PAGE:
I’d gotten a discount ticket from the university where I teach and was amazed to find myself in the best seat of my life. Unlike the nosebleed sections of my childhood, from which tigers were kittens, this seat was close enough that the Royal Bengals in the pre-show had mass, texture, and meat breath, though that last bit might have been an audience member’s dinner. (Proximate smells can sync up with the contents of a production itself, contributing to a state of suspended disbelief in which operatic singing smells a lot like Chanel No. 5, and a whiff of cheesesteak stands in for the ounce of partially decomposed civility smoothing the bonds between human and big cat. It’s all part of the show.)

Eventually, Rutgers undergraduates on awkward dates filled the rest of my row, some women dressed in tinfoil-y uniforms urged everyone to download the official circus app, and a huge digital control panel counted down to blastoff, after which we were all launched into interstellar space: perhaps the only logical direction to go, now that Ringling Bros. was at the end of its tether. The show started off quietly with the Simet Troupe’s Giant Semaphore: a petal-shaped metal ring that rotated while two astronauts toed its orbit. Later, this couple peddled a bike, slo-mo, along the Semaphore’s rising action while a third astronaut served as dangling counterweight. Planet Earth glowed in a corner—a spotlit disco ball, alive with oceans and continents. Actual astronauts seeing earth from space have reported feeling the “overview effect,” the firsthand knowledge that our planet is a life-sustaining bit of hanging punctuation in the void; they come back realizing that boundaries don’t matter, since we all share the same fragile home. Could it help, in a resurgence of Cold War-era thinking, to recreate this effect in a hockey arena?

But as circuses do, this one quickly became a frenetic floorshow, sans elephants and with the addition of ice, on which acrobats danced, clowns slipped, and stage crew members slid expediently in the dark. The proceedings followed a storyline—evil intergalactic ice queen Tatiana has “stolen” the circus and scattered its performers to planets far and wide, prompting Ringmaster Johnathan Lee Iverson and sidekick Paulo dos Santos to round everyone up—but this plot was fairly easy to ignore, and I am happy to report that the flavor of the circus felt pretty much unchanged in the fifteen years since I’d last seen one. The air still smelled of ketchup, mustard, and motorcycle exhaust. The trapeze artists still missed the odd trick and free-fell to black safety netting. When a clown climbed a tall pole that ascended into the arena rafters, the Ringmaster exclaimed—as Ringmasters must always exclaim—“Whatcha doing up there?”

Instead of the usual car, the clowns tumbled out of a rocket ship made of remnants from a post-apocalyptic earth, including a stop sign and an ionizing radiation hazard symbol. I’ve always been impatient with clown corps, particularly their service as distraction while more elegant acts are set up and cleared away. Cue scurrying, pratfall music, and a male clown’s discovery, after falling into a should-be-painful split, that his crotch defies gravity.

But clowns up close are different: bigger, warmer, more thoroughly constructed. During intermission, a clown with blue Martian hair and traditional Auguste makeup was fully invested in whether a cluster of four-year-olds would notice his sunglasses were on upside down. They did, reaching for his face and shouting their discovery. “Well, why didn’t you say so?” he demanded. Then he stole a big handful of one kid’s popcorn and threw it at some other, unrelated little kids in the next aisle. They were startled by this bombardment, even a little miffed, and then they giggled into each other’s shoulders and everything was okay. The clown had thrown the popcorn just the right way: both offhand and explosive, like a cool-burning firework.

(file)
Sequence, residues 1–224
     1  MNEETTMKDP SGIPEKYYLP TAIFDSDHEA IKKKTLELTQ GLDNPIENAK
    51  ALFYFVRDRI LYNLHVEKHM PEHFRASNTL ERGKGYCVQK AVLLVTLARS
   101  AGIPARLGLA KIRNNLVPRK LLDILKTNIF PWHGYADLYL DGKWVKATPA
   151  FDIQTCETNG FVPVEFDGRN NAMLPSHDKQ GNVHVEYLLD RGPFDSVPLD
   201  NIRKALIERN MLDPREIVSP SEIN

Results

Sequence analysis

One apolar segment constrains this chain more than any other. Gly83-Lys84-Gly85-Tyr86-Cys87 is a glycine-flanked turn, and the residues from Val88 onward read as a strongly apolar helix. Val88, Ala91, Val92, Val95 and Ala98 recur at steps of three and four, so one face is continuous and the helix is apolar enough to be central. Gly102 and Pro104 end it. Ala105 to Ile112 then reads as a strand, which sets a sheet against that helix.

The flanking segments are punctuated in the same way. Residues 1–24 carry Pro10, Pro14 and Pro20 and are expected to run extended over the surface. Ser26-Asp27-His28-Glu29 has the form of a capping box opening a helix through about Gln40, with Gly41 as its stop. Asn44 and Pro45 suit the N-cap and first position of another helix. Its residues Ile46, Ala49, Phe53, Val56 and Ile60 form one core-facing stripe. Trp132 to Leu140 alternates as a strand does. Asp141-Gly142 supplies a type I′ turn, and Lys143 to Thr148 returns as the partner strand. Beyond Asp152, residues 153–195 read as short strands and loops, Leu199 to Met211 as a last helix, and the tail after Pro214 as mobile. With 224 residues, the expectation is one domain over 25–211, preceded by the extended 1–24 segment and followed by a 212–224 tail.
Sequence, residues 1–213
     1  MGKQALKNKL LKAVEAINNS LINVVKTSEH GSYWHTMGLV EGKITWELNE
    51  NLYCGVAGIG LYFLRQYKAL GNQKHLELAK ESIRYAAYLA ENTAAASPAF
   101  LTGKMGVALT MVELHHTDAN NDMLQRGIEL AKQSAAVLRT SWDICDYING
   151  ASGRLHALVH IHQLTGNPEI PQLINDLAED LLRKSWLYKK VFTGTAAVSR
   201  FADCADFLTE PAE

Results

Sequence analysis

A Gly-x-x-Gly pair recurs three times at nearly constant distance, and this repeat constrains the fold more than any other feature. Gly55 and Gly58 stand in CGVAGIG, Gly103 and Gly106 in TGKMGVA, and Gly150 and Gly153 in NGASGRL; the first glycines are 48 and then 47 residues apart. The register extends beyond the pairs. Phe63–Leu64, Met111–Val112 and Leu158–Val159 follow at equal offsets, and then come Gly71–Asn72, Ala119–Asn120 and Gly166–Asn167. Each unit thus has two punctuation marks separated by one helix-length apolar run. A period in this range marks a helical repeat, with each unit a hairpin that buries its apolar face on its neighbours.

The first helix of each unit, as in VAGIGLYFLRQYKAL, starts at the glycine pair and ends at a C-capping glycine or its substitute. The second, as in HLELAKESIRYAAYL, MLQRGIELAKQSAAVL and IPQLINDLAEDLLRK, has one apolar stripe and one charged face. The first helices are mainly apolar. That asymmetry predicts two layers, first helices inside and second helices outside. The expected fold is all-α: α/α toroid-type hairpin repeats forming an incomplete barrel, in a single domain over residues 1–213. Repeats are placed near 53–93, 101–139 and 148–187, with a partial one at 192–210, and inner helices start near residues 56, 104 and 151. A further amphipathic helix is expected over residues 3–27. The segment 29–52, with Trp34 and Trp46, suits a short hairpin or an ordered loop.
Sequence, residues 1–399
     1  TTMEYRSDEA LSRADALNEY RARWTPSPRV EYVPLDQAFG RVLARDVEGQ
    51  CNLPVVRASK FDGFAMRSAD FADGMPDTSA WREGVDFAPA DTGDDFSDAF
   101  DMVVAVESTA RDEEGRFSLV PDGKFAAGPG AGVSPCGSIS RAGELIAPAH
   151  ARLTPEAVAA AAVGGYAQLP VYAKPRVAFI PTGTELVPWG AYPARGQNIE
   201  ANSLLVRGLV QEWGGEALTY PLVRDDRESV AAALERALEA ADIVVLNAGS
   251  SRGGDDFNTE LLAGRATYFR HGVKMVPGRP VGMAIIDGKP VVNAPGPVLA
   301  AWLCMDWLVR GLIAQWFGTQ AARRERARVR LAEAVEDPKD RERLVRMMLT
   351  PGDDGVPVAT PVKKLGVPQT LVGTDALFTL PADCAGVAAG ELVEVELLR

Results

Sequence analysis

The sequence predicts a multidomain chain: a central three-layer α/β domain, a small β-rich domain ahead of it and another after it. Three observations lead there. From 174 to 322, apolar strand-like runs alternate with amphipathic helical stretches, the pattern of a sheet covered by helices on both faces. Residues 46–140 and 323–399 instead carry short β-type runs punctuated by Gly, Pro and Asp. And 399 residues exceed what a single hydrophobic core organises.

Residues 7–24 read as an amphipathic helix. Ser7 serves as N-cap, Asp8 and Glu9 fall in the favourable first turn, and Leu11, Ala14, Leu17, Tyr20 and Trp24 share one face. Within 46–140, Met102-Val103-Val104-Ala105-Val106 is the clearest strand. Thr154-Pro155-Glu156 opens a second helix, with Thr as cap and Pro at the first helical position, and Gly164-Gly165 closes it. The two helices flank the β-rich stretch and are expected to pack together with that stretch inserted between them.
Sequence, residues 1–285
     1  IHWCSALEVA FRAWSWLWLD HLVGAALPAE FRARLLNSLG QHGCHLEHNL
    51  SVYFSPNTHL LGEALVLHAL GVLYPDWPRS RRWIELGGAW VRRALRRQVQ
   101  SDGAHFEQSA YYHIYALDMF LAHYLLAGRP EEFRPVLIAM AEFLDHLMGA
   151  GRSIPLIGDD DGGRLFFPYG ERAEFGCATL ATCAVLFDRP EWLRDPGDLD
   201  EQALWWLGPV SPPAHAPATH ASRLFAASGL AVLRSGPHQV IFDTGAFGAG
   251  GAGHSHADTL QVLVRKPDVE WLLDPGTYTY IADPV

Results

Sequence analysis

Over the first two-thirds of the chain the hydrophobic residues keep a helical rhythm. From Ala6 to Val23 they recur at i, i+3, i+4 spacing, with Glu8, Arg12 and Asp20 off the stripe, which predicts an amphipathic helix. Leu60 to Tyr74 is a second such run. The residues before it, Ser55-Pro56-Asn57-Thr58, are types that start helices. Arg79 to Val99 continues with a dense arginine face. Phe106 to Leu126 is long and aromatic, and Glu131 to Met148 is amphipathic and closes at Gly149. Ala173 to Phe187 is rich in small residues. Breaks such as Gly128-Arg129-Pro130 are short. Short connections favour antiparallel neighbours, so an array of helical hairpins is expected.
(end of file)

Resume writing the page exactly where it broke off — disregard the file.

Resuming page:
As a child, I would have believed that anyone who threw popcorn in my face without hurting my feelings not only understood me perfectly but had admitted me into his or her own orderly cosmos, where there was a detailed plan for me. I would have developed an instant crush; months later, I’d have imagined that the clown still thought of me, could even see me like sunlight in his peripheral vision. The popcorn-throwing—spontaneous, but with a lifetime of clowning behind it—would have sealed my loyalty. And this is an error I still make from time to time: believing my bosses, teachers, politicians have some sensible schema into which their every non-sequitur and sideways glance carefully fits. It’s an error of hope, of belief in the interlocking pieces of wackiness that—though the circus may be the closest we get to a society that works because of its riot of colors and noises and seemingly incompatible demands—may not even exist under the Big Top.

For, although the circus was predictably rescued from the clutches of the ice queen, and although e. e. cummings warned that we need the circus, as adults, even more than we do as children (“…at the very thought of ‘circus,’ a swarm of long-imprisoned desires breaks jail,” he wrote), and although every previous circus I’ve attended has subscribed to a hopeful cosmogony of continuous expansion (and there’s always Cirque du Soleil), this really was the end for Ringling Bros. and Barnum & Bailey.

The finale was on the light side: bouncy music, lots of waving. I was a little surprised it was over so soon. There were no take backs or “gotchas,” just the house lights already so bright it felt like our collective spaceship had flown too close to the sun. And everyone knows, darkly, what happens after that.


Image credits: feature image, image 1, image 2, image 3.

Shannon Fandler is a Philadelphia-area writer whose work has appeared in Catapult, Vela, Hippocampus, Apiary, and elsewhere. Shannon teaches at Rutgers University, Camden, and is a staff writer for Child's World NEWS. She is a 2017 Edward F. Albee Fellow. More from this author →